Nathan came to New Orleans after a decade in natural resource management in the Mid-Atlantic. As a graduate student at Tulane School of Architecture, he gained a deep appreciation for the region’s unique history as well as the challenges of building in a deltaic environment like Southeast Louisiana. In particular, his work on climate change and cultural heritage built upon a longstanding commitment to the joint protection of natural and cultural resources.

That synergistic approach was a hallmark of his seven years as executive director of the Virginia Conservation Network. A coalition of more than 125 nonprofit and community groups, the network championed energy efficiency benchmarks, conservation easements and watershed restoration. During Nathan’s tenure, the network united rural communities concerned about a proposed uranium mine with business interests downstream to protect the drinking water of more than 1 million people. In partnership with foundations and conservation groups across six states, Nathan helped launch the Choose Clean Water coalition, which became a force for clean-up of the Cheasapeake Bay and a resource to local governments.

Previously, Nathan served in a state agency tasked with curbing runoff pollution from farms and cities and with promoting parks and open space, During that time he first encountered many of the principles of green infrastructure. He served as lead author for a greenway-blueway project, Captain John Smith’s Trail on the James River. He also authored a guide book to hiking trails near Richmond, Virginia. Nathan is married to Elizabeth Lott, a minister and Gulf South native. The couple have two school-age children.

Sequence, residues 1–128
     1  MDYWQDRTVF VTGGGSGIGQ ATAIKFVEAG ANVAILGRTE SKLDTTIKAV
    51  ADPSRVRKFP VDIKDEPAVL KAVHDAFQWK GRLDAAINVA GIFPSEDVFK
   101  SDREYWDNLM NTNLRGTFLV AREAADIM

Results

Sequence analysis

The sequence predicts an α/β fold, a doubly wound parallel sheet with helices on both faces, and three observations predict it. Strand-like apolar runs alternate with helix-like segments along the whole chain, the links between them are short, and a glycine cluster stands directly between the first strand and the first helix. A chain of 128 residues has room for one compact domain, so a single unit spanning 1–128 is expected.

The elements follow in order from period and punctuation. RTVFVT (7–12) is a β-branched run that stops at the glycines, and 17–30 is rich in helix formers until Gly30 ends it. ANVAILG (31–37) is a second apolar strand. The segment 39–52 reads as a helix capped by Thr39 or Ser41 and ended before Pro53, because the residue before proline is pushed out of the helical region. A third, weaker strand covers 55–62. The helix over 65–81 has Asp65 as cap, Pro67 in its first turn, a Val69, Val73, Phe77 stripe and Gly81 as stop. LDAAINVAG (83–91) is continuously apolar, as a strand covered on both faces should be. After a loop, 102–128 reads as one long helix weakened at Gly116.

JENNIFER TERRY

Impressed by the Greater New Orleans Water Collaborative’s efforts to ensure that New Orleans adopts sustainable water management with input from the community as outlined in the Urban Water Plan, Jennifer Terry was thrilled to join the Water Collaborative’s Steering Committee to ensure that the Committee for a Better New Orleans, where she is a Board Member, remains engaged with the Water Collaborative.

Since 2012, Jennifer has served as the Program Manager for Internet Access and Digital Equity at the City of New Orleans. She works with City colleagues and partners in private, non-profit, and philanthropic organizations to connect New Orleanians to the Internet and its useful information and resources.

Before 2012, Jennifer worked for 10 years as a Transportation/Urban Planner in the public and private sectors. In this capacity, she conducted traffic, transit, pedestrian, and planning analyses for new development, re-development, and transportation infrastructure projects in the New York City Metro area, Virginia, and Florida.

Jennifer formal education includes a Bachelor of Architectural History from the University of Virginia and a Master of Science in Community and Regional Planning from the University of Texas at Austin.

In her free time, Jennifer indulges her passion for cities by wandering around New Orleans to explore its eateries, shops, and architecture. She also pursues these activities when travelling to other fantastic cities in the US and overseas.